Lawmakers are drafting a bill that would allow charter schools to take over five of the state’s lowest-performing elementary schools. The bill’s main sponsor, Rep. Rob Bryan (R-Mecklenburg) wants lawmakers to approve the takeover legislation in the short session. But Bryan is championing the proposal, despite research showing a similar charter takeover in Tennessee had minimal impact on student performance.
In 2012, Tennessee lawmakers took a few of the state’s lowest-performing schools and put them in an "Achievement School District" (ASD). ASD schools are either turned over to charter management organizations, or put under the management of the ASD superintendent, who operates them like charter schools.
Three years into the program, Vanderbilt University researcher Gary Henry ran the numbers and found that the program had little effect on student outcomes.
"Our conclusion is that the schools in the ASD are doing about the same as the schools that weren’t taken into any systemic reform," Henry told lawmakers last Wednesday.
Henry presented his findings to a legislative committee looking into starting an ASD in North Carolina. Henry’s research found that after three years, students in ASD-run schools did hardly any better on state tests than students in other low-performing schools. Students in ASD schools run by charter management organizations didn’t do any better at all than other low-performing schools.
Despite Tennessee’s results, Representative Rob Bryan says he still finds the idea of an ASD appealing. He says it's a way to attract more charter schools to the state’s low-income communities.
"I would like to create an environment where they [charter management organizations] are interested in coming to North Carolina, whether it’s through an ASD or partnering," Bryan said in an interview after the meeting.
"But I think if you don’t get them in here and get them started you won’t have an opportunity to see what they’re able to do."
The Charlotte representative says he thinks given more time, the ASD will be successful in Tennessee. And he says he thinks North Carolina can make it work better if the state is more selective than Tennessee in choosing charter operators.
"Some of them are not as good as others," he said, "and so I would say, part of what we did in our bill is putting some guardrails on to try to make sure we were getting the best of the best."
Bruce Mildwurf, a lobbyist for the North Carolina School Boards Association, was skeptical. During a public comment period, he noted that charter schools that have been successful as schools of choice may not see the same results when they take over a neighborhood school, as they have to in an ASD. He quoted Tennessee’s former ASD superintendent Chris Barbic, who resigned in 2015:
“'Achieving results in neighborhood schools is harder than in a choice environment....I think that the depth of the generational poverty and what our kids bring into school every day makes it even harder than what we initially expected. We underestimated that.'”
A second researcher addressing the committee, Josh Glazer from George Washington University, made a similar point.
"These are charters that take over neighborhood schools. That is not the way that charter schools were meant to operate. That’s a different idea of charter schools," he explained.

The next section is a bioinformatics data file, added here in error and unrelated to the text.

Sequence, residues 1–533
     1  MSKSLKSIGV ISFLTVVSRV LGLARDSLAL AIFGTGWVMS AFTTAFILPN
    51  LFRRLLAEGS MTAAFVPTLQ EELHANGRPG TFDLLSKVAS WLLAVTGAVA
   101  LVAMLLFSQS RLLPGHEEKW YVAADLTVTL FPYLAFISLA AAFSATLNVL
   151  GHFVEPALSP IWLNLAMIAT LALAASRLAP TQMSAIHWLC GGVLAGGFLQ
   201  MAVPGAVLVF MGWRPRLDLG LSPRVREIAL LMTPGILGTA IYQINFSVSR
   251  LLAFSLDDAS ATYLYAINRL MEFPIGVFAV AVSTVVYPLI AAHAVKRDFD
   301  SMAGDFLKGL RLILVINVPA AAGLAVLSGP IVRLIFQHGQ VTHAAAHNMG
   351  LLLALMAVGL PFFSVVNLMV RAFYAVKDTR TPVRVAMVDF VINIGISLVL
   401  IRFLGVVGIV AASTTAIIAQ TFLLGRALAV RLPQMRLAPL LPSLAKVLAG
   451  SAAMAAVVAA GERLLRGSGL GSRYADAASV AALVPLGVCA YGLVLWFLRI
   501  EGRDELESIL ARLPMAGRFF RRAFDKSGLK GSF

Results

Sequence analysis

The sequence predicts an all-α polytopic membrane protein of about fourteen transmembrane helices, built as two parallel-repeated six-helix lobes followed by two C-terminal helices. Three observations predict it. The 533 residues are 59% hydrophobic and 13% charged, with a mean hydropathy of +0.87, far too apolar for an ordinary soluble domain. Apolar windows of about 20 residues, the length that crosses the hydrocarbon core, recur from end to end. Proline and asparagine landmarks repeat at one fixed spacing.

Glazer explained unlike most charters, ASD charters can’t rely on being able to control their enrollment or on active parent choice.
"Charters usually have the advantage of having parents who know what the school is about, know what the philosophy is, and have opted in. You have more buy-in and often more parent engagement," he told the committee.
Matt Ellinwood with the left-leaning North Carolina Justice Center had concerns Bryan was moving forward with the proposal.
"We're concerned that the research on ASDs is not pointing in a clearly positive direction," he said.
Henry’s research did show a clear positive outcome from one provision of Tennessee’s program that Bryan added to his latest draft of the bill. It’s a measure that would encourage school districts to give low-performing schools charter-like flexibility. These are known as "Innovation Zone" or iZone schools, and Henry’s research shows that in Tennessee, those schools had really good results. In fact, they blew way past ASD schools.
"The effect of the iZone is functionally equivalent to a ten-student per class reduction in class size," Henry told the committee. "These effects are what we consider in education large and significant."
Bryan notes that since 2010, North Carolina school districts have had an option to run low-performing schools with charter-like freedoms almost identical to those of iZone schools. No districts have yet taken advantage—though Alamance and Wake County Schools have both expressed interest in recent months.
"You have to have a state takeover threaten to create an iZone, I think. I think that’s part of the reality," Bryan said. "They [Tennessee school districts] did not create them without the threat of the state takeover. So I think that kind of hammer is needed."
It’s important to note that while Bryan’s ASD bill includes the iZone, it does not come with the huge investment in Federal Race to the Top grants and private investment, which totaled hundreds of millions of dollars. Bryan said his bill would come with about $1 million a year to pay for salaries of the ASD superintendent and a few staff.
"Now, will there be other monies raised by the ASD super, or would that charter put seed money in itself to it? I think those are all very possible things," he said.
The North Carolina School Boards Association says the funds would be better spent on programs with proven results.
The ASD committee will vote April 13 on whether to move forward with the proposal in the short session.